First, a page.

On site Mould Testing:
Using the latest technology the MYCOMETER
The Mycometer-surface product quantifies fungal biomass on surfaces. It is used for numerous purposes e.g.: quantifying mould on indoor surfaces, testing biostatic efficacy of surface coatings and can also be used to measure fungal growth inside porous materials or on the surface of particles.
The methodology has been developed in collaboration with mould remediation consultants and contractors and the Danish Building Research Institute, and has been proving its value for more than a decade. Results categories have been established empirically, and provide criteria for clean, dirty and contaminated. Clean is the defined as the background level meaning the level found on visual clean surfaces in well maintained building with no mould and moist problems. Contaminated is defined as samples containing mould in higher concentration than what can be found on dusty and dirty surfaces in well maintained building with no mould or moisture problems. The interpretation criteria are in accordance with the most influential international guidelines such as those from WHO, New York City Department of Health and US-EPA. All mould growth, independent of species can affect health and should be removed.
Protocols have been developed for measurement of mould contamination inside porous materials. Insulation materials, materials containing cement (e.g. concrete, plaster, mortar) and other porous materials found in buildings can contain mould growth deep inside.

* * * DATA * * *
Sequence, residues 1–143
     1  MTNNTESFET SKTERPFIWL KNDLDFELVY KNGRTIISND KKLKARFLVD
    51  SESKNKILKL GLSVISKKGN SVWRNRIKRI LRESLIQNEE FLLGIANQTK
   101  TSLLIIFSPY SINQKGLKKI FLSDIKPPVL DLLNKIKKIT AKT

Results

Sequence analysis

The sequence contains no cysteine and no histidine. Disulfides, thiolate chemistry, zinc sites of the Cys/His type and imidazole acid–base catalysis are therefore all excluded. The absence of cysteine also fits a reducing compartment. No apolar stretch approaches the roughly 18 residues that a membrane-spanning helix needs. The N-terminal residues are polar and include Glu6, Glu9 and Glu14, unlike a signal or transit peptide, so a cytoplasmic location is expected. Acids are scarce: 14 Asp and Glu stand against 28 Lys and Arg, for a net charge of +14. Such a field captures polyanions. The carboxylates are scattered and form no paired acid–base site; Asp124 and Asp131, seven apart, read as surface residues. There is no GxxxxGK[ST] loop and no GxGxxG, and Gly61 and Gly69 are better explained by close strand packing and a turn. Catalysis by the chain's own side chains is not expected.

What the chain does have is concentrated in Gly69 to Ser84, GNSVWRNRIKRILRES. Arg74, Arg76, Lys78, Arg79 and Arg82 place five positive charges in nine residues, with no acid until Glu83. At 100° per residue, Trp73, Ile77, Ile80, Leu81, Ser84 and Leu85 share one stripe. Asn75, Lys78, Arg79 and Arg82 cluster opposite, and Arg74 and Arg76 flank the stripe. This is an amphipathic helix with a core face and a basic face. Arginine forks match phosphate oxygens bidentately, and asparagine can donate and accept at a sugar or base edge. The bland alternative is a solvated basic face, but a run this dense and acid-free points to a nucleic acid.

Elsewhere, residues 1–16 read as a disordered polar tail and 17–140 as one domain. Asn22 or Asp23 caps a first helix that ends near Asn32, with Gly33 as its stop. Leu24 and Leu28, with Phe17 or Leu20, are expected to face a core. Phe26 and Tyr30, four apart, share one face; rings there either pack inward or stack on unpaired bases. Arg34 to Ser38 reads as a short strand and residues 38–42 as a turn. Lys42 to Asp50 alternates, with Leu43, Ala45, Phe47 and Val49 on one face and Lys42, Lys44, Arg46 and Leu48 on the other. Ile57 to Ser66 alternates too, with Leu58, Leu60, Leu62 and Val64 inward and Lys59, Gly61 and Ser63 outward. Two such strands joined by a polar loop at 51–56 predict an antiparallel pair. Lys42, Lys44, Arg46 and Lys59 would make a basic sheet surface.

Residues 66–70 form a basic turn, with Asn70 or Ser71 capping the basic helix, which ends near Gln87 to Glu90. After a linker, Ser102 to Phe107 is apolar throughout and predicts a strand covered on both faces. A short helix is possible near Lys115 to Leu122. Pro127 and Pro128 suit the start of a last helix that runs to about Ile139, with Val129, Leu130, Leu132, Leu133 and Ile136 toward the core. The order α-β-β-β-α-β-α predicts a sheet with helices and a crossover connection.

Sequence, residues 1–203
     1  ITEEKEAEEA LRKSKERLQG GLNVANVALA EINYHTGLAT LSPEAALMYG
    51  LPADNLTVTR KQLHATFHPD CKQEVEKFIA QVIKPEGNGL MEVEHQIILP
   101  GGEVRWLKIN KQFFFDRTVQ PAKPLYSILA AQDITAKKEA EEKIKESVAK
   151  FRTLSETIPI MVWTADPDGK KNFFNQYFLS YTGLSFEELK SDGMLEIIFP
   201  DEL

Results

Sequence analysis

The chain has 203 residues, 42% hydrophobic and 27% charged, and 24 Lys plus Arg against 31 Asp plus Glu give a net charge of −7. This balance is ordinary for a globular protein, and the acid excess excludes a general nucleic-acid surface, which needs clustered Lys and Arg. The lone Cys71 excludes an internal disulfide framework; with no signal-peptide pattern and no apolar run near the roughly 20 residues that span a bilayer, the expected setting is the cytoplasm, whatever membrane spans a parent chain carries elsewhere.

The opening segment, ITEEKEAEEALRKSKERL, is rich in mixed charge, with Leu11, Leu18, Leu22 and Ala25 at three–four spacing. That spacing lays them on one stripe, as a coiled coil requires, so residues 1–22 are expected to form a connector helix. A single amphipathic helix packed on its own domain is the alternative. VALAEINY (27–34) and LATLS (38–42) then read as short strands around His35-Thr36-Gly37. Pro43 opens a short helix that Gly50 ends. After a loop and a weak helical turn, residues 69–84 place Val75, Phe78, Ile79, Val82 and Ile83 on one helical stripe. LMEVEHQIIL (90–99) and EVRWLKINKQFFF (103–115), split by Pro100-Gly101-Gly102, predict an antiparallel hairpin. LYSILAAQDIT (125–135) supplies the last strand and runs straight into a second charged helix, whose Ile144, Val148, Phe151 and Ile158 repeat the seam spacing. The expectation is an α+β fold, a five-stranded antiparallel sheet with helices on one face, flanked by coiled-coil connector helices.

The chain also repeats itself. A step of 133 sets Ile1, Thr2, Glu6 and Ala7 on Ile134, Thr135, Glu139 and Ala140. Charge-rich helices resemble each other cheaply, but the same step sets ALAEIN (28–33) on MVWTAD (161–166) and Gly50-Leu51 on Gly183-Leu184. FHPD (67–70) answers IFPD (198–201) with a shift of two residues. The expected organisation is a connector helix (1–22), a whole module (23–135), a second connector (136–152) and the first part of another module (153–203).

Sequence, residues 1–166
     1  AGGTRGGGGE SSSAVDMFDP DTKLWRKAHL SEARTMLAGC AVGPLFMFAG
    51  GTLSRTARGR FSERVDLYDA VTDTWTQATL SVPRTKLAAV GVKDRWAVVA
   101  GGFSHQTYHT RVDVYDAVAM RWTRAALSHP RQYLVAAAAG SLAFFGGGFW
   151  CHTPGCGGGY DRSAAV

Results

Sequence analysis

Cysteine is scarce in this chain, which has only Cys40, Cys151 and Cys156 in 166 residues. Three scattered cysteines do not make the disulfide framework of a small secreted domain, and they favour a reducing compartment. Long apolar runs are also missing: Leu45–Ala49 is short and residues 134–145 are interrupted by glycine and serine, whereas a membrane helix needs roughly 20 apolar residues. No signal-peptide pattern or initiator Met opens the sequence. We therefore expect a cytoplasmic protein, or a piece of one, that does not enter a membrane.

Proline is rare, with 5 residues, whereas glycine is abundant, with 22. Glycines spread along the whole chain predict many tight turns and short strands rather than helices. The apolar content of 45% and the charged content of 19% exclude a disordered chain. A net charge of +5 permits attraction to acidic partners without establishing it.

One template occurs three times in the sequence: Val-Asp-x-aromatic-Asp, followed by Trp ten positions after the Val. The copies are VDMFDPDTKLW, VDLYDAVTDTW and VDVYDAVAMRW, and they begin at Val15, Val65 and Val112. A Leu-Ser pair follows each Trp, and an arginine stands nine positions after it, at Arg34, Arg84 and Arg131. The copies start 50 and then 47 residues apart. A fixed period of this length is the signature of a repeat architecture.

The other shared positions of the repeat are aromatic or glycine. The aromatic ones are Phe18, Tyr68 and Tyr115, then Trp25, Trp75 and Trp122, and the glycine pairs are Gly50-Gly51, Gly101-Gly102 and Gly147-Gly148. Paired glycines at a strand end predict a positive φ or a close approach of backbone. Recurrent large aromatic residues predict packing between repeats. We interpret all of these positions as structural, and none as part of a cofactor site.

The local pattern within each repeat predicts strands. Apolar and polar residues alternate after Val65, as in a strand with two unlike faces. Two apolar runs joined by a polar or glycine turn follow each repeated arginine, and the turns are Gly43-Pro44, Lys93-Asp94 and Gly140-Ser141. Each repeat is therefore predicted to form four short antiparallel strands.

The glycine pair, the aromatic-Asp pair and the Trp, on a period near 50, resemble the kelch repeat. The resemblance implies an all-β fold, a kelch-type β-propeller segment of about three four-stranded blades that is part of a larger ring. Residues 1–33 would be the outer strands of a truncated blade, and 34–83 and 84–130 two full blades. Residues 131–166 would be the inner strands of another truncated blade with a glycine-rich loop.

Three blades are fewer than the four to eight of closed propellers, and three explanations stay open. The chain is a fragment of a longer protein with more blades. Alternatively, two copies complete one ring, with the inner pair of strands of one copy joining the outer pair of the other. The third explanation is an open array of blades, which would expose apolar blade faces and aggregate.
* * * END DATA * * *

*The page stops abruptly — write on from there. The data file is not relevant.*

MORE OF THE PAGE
FUNGI IN AIR – MYCOMETER-AIR
- Same Day Onsite results!
- Verified Technology (USEPA 2011)
- High data reproducibility
Mycometer-air is the state of the art test method for onsite quantification of fungal particles in air in less than an hour. The methodology measures the level of fungal particles in terms of viable and most nonviable spores and hyphal fragments. Further, two independent peer reviewed publications have shown that it also measures microparticles from the fungi. The Mycometer-air methodology quantifies fungal particles in the air by measuring the level of the enzyme, β-N-acetylhexosaminidase (NAHA), from airborne fungal particles captured on a 0,8 µm pore size filter.
The technology is verified by US-EPS (Environmental Protection Agency) and was shown to have a high reproducibility.